Nothing beats the Explorer for the best backstory of any watch made by Rolex, created – according to one of the brand’s 1960s brochures – “for the first successful Everest expedition”. The oft-recounted tale tells how Edmund Hillary and Sherpa Tenzing Norgay proudly strapped the replica watches to their wrists en route to the summit of the world’s highest mountain, and for the momentous news to arrive back in Britain in timely fashion on the day of the Queen’s Coronation in 1953.
It’s a great story, except for one small but vital detail: neither Tenzing nor Hillary actually wore one. It’s true that both men were wearing replica Rolexes – Oyster Perpetuals (Hillary’s watch is housed at the Beyer Clock and Watch Museum in Zurich) – and, yes, the Explorer was developed from the watches on the expedition, which were supplied free of charge for the climbing team.
This courtesy, however, did not extend to the Sherpa guides, which begs the question: how did Tenzing end up wearing a Rolex? Now here is a story worth telling. Only one expedition to climb Everest was permitted each year, and in 1952 – the year before Hillary’s attempt – permission was granted by Nepal for a Swiss team. This attempt was led by Raymond Lambert and officially sponsored by Rolex, which equipped all of the official team with Oyster Perpetual replica watches. The final push to reach the summit was made by Lambert himself, accompanied by the leader of the Sherpas, Norgay.
The two of them made a camp at 8,400m, and on the following morning set out for the summit. However, cold, exhaustion and adverse weather conditions caused them to reconsider at 8,595m and make the decision to head back down the mountain and call off the attempt. Lambert saw Tenzing not only as his guide, but friend and equal, so before Lambert flew back to Geneva, he handed Tenzing his expedition watch: a stainless-steel Rolex Bubbleback.
The timepiece is now in the Rolex collection in Geneva, and I was privileged to handle it more than 20 years ago, when I made my first visit to the factory. As the Sherpa who had come closest to making the summit, Tenzing was the natural choice to lead the Sherpas for the British Army and Royal Geographical Society team in 1953. This expedition had the added advantage of access to reports from the Swiss attempt, as well as RAF reconnaissance photographs to guide them.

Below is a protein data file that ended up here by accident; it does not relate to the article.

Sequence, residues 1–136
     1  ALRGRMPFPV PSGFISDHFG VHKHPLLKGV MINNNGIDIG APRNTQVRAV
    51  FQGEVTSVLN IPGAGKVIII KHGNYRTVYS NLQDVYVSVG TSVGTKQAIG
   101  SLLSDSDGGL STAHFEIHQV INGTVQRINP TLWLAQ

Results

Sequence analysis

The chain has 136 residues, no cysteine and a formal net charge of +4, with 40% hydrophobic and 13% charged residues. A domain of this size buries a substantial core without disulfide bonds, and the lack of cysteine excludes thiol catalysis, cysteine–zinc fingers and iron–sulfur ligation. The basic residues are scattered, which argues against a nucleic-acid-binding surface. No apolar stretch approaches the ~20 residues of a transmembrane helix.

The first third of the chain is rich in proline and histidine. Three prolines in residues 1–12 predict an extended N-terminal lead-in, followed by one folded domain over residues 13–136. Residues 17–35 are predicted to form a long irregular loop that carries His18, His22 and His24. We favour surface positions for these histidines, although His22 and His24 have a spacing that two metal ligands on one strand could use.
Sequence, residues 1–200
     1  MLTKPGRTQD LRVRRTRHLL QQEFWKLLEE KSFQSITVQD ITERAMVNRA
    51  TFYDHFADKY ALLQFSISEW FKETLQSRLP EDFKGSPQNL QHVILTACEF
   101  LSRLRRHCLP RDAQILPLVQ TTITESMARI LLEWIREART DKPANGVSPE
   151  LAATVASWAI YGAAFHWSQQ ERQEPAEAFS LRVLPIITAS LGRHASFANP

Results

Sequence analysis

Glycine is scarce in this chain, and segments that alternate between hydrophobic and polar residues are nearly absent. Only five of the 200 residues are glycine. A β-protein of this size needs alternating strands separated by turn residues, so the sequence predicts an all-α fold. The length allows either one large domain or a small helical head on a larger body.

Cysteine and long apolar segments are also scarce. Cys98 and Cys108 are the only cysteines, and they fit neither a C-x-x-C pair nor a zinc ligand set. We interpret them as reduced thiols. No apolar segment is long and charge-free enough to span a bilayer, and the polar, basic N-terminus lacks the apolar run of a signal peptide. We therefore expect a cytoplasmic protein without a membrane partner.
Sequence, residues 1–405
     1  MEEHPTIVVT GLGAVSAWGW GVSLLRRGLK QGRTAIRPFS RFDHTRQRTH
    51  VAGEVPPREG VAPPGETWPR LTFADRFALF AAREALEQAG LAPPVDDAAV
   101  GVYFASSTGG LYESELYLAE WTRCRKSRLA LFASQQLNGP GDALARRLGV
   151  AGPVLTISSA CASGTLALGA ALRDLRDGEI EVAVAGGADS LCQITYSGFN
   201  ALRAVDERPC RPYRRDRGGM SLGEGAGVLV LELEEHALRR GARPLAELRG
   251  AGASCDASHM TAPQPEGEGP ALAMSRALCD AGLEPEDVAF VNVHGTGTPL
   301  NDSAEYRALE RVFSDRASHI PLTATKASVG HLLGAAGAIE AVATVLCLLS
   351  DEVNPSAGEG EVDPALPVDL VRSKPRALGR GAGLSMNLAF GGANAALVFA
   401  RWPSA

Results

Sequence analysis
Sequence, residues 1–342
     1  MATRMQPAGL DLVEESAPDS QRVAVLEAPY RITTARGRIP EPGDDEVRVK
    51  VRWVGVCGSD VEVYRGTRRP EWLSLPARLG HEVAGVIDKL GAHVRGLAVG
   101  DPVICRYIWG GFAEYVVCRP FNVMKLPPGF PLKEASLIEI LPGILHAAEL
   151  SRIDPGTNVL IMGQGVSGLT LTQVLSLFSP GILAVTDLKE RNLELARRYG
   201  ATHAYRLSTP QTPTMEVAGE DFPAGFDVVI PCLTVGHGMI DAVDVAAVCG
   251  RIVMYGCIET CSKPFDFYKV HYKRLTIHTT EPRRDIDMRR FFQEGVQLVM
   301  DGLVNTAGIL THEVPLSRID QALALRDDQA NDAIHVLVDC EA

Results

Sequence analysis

The watches the team wore were simple Rolex Oyster Perpetuals, with white dials and applied steel triangular indices with larger versions for the quarter hours. The only change from the standard specification for the 1953 expedition replica watches was an extralong brown leather strap, enabling it to be worn over the heavy clothing the climbing team wore and, to enable it to function in the extreme cold, the watch had a new and much less viscous lubricant. While the long leather strap never made it through to production, the lubricant did survive, and was the sole deviation from the standard movement when the Explorer finally made its debut in late 1953, just a few months after Hillary’s and Tenzing’s conquest of Everest.
The thing that distinguished the Explorer from its Rolex predecessors was the layout of the dial – a deep black with a large luminous inverted triangle at 12, large luminous Arabic numbers at the remaining quarter hours, and large luminous bars for the intervening indices. The first tool watch to be launched by swiss Rolex, the Explorer was specifically designed for users with a particular need. It was shortly followed by the GMT Master, the Submariner and the Milgauss – it even spawned its own offspring, the Explorer II, in 1970.
Sixty years later and the dial and its layout remain essentially the same, although the case and movement have changed with advances in technology (and, dare we say it, “fashion”). Unlike Rolex’s other tool fake watches, however, the Explorer has always been the quiet, discreet one. There is no numbered bezel, just a simple polished one. There are no additional hands, only the classic “Benz” hour hand, pencil-shaped minute hand and a slim, straight second hand with a large “lollipop” luminous dot towards the tip.
When the watch was relaunched in 2010 in a new larger size – 39mm instead of 36mm – the hands remained unchanged and looked somewhat stubby and out of proportion to both the dial and the case. Hence it proved all the more gratifying at this year’s Baselworld to see that Rolex replica had increased the length of all three hands for the latest iteration of the Explorer, thereby reclaiming the correct proportions for the watch. And given the timepiece’s illustrious history, it seems only fitting.